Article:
Keeping the virus behind the mask.
Cloth masks worn by people infected with SARS-CoV-2, the virus that causes COVID-19 appear to be effective at protecting the people around them. People can actually be most infectious while showing no or few symptoms. Mask wearing appears to reduce the transmissibility by reducing transmission of infected droplets – a potential public health benefit.
#Masks4AllMalawi advocates for Universal Mask Usage (“UMU”) by everybody when in public areas as an important part of a comprehensive overall strategy and its potential public health benefit. This is not because UMU has been comprehensively tested in relation to the outbreak of COVID-19, but rather on the basis of the precautionary principle, i.e. the principle that emphasises a maximum of caution when scientific knowledge is lacking. In a resource-challenged environment such as that in Malawi, this principle is even more important as other interventions may not be available and health care capacity is low. It is on the basis of the precautionary principle and the potential public health benefit that we advocate for UMU.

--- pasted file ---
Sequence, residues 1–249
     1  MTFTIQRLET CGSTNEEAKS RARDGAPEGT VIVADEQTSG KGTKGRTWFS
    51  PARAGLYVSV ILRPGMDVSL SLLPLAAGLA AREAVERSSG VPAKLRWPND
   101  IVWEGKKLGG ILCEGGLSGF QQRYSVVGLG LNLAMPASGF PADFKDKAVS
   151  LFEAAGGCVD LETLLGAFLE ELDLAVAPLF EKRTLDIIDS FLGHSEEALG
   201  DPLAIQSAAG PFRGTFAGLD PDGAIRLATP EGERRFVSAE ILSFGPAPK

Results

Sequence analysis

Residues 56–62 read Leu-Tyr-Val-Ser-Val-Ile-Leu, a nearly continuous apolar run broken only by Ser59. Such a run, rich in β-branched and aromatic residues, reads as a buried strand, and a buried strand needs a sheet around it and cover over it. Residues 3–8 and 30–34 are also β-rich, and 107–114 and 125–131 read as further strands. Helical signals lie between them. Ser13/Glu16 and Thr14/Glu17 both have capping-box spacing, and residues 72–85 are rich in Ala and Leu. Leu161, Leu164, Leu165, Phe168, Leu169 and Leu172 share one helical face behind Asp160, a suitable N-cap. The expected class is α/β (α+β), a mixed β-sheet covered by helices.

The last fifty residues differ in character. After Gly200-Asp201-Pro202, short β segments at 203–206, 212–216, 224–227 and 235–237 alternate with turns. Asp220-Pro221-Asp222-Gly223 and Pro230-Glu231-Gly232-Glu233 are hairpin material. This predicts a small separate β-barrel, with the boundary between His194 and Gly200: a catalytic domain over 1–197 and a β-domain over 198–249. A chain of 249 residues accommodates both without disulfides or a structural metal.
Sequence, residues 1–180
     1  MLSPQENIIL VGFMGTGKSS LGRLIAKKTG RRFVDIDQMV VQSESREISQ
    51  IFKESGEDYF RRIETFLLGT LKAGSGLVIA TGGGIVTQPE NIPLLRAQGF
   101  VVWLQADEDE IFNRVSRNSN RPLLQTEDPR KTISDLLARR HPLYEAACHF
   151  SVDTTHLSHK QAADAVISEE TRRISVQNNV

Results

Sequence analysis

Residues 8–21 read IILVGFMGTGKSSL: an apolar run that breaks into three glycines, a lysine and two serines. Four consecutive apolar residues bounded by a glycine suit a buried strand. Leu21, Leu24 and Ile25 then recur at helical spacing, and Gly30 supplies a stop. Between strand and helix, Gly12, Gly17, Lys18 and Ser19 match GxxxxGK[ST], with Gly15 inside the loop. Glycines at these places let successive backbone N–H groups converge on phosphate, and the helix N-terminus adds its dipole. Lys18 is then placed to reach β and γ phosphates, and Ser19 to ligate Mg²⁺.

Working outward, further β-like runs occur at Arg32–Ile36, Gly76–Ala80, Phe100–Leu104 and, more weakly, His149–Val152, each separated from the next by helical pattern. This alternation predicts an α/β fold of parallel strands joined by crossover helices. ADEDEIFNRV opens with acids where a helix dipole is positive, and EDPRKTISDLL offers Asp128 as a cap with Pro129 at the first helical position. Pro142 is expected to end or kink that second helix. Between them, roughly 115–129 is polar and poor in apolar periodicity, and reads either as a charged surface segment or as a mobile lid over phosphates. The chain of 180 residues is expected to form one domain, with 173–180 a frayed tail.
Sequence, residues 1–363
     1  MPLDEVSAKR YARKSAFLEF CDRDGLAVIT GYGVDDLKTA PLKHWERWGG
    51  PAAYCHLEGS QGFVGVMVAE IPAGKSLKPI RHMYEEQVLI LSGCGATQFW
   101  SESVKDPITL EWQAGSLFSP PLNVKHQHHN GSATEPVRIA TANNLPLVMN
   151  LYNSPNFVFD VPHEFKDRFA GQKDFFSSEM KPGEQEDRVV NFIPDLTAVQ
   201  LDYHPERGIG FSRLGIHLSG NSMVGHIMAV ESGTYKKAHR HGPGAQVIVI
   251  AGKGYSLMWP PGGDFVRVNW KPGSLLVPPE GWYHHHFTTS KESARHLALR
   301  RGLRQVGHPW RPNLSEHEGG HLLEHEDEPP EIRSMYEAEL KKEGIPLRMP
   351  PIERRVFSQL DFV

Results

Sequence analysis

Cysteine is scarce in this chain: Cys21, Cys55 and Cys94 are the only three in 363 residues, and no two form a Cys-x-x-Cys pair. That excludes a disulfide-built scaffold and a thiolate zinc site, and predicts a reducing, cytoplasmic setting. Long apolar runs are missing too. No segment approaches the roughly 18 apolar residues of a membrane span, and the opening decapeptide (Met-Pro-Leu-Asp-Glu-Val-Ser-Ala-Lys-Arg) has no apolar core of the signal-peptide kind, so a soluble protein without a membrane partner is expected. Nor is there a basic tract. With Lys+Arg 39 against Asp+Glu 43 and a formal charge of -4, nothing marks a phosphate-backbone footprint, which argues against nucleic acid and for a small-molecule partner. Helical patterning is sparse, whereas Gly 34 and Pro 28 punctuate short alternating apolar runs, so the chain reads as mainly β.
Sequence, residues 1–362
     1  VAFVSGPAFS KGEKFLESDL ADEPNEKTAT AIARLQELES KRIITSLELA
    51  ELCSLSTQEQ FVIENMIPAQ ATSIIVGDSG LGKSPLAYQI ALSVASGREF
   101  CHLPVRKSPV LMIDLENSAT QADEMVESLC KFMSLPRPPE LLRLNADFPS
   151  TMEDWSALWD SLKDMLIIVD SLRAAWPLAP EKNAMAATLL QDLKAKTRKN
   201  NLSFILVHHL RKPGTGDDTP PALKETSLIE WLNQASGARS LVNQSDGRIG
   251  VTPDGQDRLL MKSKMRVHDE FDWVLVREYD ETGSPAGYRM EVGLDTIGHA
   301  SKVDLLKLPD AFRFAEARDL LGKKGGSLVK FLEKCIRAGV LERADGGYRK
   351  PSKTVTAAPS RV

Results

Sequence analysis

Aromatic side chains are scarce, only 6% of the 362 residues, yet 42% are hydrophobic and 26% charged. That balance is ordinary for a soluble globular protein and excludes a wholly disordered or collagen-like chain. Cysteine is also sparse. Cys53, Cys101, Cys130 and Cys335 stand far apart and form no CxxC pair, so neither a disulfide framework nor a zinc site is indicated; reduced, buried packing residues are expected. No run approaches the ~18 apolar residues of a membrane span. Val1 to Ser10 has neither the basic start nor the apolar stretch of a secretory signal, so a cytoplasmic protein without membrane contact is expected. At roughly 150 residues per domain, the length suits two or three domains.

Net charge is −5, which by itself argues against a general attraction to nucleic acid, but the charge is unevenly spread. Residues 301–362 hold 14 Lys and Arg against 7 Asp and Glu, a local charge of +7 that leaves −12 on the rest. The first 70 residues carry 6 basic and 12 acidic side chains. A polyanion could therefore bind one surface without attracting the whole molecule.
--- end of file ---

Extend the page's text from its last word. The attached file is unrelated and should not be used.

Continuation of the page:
Universal Mask Usage (“UMU”) can be: (a) Voluntary Universal Mask Usage “VUMU” ; or (b) Mandatory Universal Mask Usage (“MUMU”) – which is now in force in Kenya, Slovakia, Czech Republic, Indonesia, Vietnam, Morocco, Bosnia-Herzegovina, & Israel.